This fellowship has shaken things up for me, definitely. It did just as I had hoped it would and know it will continue to do, expand the parameters of my comfort zone. The teaching experience alone is extraordinary, especially for a library-related fellowship (from what I hear). Apart from that, I have most benefited from merely getting acquainted with the workings of an academic library. We have truly been incorporated as staff/faculty, brought in on the full gamut of departmental meetings, even those concerning hiring practices.  Having never before worked within an academic library, this intimate interaction has enlightened me to the dynamics at play within a university library system.  I have never before been a part of an organization of this size or as pioneering.  And, with the latter, comes a drive for imagination and innovation. It is this renewed sense of impact that I will take with me into my career, the intention of advancing, contributing to, and advocating for my profession, of wowing rather than simply maintaining the status quo.   

Additionally, I have received these supportive comments from my library science program Department Head in reply to my supervised fieldwork reports:

  • “It sounds like the program you are in is really designed to make you into an academic librarian and that all your supervisors are completely committed to your success. It also sounds like you are learning a lot and figuring out how you need to work to best be successful. All of these are good learning experiences and learning is what you are there to do.”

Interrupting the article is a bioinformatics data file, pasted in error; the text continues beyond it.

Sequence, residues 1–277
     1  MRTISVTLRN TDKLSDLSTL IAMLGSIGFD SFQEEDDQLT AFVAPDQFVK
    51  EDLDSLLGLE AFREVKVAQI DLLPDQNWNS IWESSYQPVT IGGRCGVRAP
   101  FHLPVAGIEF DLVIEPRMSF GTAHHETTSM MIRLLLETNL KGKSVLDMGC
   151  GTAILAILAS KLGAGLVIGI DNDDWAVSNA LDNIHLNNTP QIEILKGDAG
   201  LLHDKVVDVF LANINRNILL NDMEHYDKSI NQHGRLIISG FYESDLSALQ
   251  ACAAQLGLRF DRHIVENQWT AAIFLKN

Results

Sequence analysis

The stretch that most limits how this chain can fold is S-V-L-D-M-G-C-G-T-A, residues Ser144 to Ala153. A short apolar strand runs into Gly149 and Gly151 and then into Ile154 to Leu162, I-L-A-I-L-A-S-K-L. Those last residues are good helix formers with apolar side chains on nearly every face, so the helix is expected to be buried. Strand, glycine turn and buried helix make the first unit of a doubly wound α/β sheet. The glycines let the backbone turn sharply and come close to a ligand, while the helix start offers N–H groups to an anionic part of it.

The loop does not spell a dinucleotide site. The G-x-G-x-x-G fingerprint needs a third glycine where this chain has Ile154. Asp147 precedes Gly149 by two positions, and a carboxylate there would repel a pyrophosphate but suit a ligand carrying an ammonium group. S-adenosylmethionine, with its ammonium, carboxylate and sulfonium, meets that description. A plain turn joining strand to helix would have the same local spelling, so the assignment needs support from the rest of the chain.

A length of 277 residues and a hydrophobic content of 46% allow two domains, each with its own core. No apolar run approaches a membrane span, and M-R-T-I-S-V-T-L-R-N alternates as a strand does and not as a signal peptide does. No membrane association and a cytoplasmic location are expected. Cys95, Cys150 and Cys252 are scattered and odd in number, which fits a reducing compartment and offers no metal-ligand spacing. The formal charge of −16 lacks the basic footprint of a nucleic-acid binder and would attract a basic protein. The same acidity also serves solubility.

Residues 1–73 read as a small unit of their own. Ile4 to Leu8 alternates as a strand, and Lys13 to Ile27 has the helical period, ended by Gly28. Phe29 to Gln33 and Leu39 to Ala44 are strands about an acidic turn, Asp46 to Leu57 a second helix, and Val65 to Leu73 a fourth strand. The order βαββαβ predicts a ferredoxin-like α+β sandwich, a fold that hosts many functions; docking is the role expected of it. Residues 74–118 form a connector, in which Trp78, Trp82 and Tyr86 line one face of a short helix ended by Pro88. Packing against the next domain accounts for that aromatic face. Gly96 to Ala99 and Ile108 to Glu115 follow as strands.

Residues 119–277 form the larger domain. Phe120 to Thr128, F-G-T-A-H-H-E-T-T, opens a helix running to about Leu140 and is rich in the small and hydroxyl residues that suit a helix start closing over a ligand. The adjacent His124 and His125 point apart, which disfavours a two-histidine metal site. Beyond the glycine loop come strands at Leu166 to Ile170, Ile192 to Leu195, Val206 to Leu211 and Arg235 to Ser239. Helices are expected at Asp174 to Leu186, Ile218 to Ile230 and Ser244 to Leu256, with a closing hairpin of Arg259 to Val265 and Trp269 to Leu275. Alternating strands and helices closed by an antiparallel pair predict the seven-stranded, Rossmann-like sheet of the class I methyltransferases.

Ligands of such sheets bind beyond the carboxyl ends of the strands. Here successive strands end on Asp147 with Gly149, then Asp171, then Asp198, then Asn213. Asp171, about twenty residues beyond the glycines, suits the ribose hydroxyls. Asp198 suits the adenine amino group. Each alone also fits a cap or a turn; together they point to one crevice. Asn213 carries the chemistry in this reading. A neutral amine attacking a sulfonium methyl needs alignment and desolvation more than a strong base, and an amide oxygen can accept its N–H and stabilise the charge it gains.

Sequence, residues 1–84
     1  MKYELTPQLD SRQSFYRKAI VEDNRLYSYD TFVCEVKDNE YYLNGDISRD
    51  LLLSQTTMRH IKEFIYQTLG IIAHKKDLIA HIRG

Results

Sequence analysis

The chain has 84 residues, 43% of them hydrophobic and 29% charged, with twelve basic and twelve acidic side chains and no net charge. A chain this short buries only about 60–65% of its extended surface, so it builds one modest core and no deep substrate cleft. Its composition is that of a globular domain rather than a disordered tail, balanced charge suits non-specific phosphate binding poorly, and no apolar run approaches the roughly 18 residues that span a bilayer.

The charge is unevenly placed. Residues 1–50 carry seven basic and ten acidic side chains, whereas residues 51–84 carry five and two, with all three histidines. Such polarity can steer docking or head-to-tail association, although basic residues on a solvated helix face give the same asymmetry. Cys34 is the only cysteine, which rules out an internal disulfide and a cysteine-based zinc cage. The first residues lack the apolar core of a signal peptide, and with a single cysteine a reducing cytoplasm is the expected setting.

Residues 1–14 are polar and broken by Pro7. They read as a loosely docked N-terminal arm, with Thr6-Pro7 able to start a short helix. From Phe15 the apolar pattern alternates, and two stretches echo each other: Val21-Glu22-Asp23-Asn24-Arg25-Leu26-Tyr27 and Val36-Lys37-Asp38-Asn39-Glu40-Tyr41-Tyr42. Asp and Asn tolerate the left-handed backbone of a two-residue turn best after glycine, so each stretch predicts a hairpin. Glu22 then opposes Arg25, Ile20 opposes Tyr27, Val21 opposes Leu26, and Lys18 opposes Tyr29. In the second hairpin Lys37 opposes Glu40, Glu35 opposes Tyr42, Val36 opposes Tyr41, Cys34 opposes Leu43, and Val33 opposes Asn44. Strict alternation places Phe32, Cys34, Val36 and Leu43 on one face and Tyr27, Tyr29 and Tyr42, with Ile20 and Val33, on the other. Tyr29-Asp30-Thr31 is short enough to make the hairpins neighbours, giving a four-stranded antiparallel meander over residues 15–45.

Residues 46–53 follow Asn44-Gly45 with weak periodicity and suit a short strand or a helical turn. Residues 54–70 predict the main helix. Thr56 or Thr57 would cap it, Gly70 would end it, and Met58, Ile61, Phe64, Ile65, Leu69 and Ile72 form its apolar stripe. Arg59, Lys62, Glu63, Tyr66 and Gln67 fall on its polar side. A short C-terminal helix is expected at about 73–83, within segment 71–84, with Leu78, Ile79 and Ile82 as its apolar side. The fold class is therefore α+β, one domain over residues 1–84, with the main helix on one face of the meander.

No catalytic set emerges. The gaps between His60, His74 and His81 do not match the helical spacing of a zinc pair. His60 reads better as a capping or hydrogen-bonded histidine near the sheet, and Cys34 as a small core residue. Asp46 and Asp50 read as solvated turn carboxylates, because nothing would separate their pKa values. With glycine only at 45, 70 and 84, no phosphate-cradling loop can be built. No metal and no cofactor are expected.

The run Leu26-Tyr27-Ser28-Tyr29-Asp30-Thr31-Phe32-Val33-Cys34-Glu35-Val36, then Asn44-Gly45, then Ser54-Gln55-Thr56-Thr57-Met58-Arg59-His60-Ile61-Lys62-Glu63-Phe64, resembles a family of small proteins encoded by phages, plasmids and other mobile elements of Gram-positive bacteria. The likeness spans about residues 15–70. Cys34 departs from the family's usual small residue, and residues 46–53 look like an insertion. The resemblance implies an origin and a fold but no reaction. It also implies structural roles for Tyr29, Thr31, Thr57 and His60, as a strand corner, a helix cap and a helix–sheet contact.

• “I am very impressed with the depth of learning your fellowship is providing. The immersion in instruction will certainly help you decide whether working in academic library public services is for you or not.”
  • “It sounds like you are in a wonderful environment designed to maximize your time spent at the institution.” 

Patricia Barra, Graduate Assistant & Fellow, 2015-2016
During my time as a graduate assistant, I learned everything I needed to be a successful librarian. I learned how to do assessment of collections, space, and student learning. I participated in research and in data driven decision making. I wasn't just a spectator, but rather an active participant.  If I had to summarize my  time with as a graduate assistant for Dani and Jess, I would say I got real world experience most of my peers had to go without during library school.  I walked away confident in my abilities and with a stronger skill set as an academic librarian.

Abigail Broadbent, Graduate Assistant, 2015-2016
While I enjoyed my time at MU SISLT, nothing prepared me for a career in librarianship like my time as a GTA at UMKC with the Research Essentials team. It wasn't just the skills I learned as an instructor and librarian, but also the confidence and the savvy to be a professional in the field. Jess and Dani are two of the greatest role models for what librarians should be, and having the opportunity to work with them is worth 5 years of library school. I was fortunate enough to earn a full-time position after leaving UMKC in the Kansas City area, and the connections I gained from that time have been invaluable. Not only Dani, Jess, and my fellow GTAs, but all of the library faculty and staff at Miller Nichols have been an incredible resource. As a GTA at Miller Nichols, I was treated like a respected peer, and that relationship continued into my professional career. You are working with students, doing instruction, reference, and research coaching, and really digging in to the nuts and bolts of course design, an opportunity that many GTA positions elsewhere would not afford you, and I think that gives you the chance to gain practical knowledge and confidence that you need after you graduate, when you're trying to land that first big library gig. I feel extremely fortunate to have been given the chance to prove myself as a GTA at Miller Nichols, and I envy anyone who gets to work alongside such powerful, cutting-edge, inspiring librarians.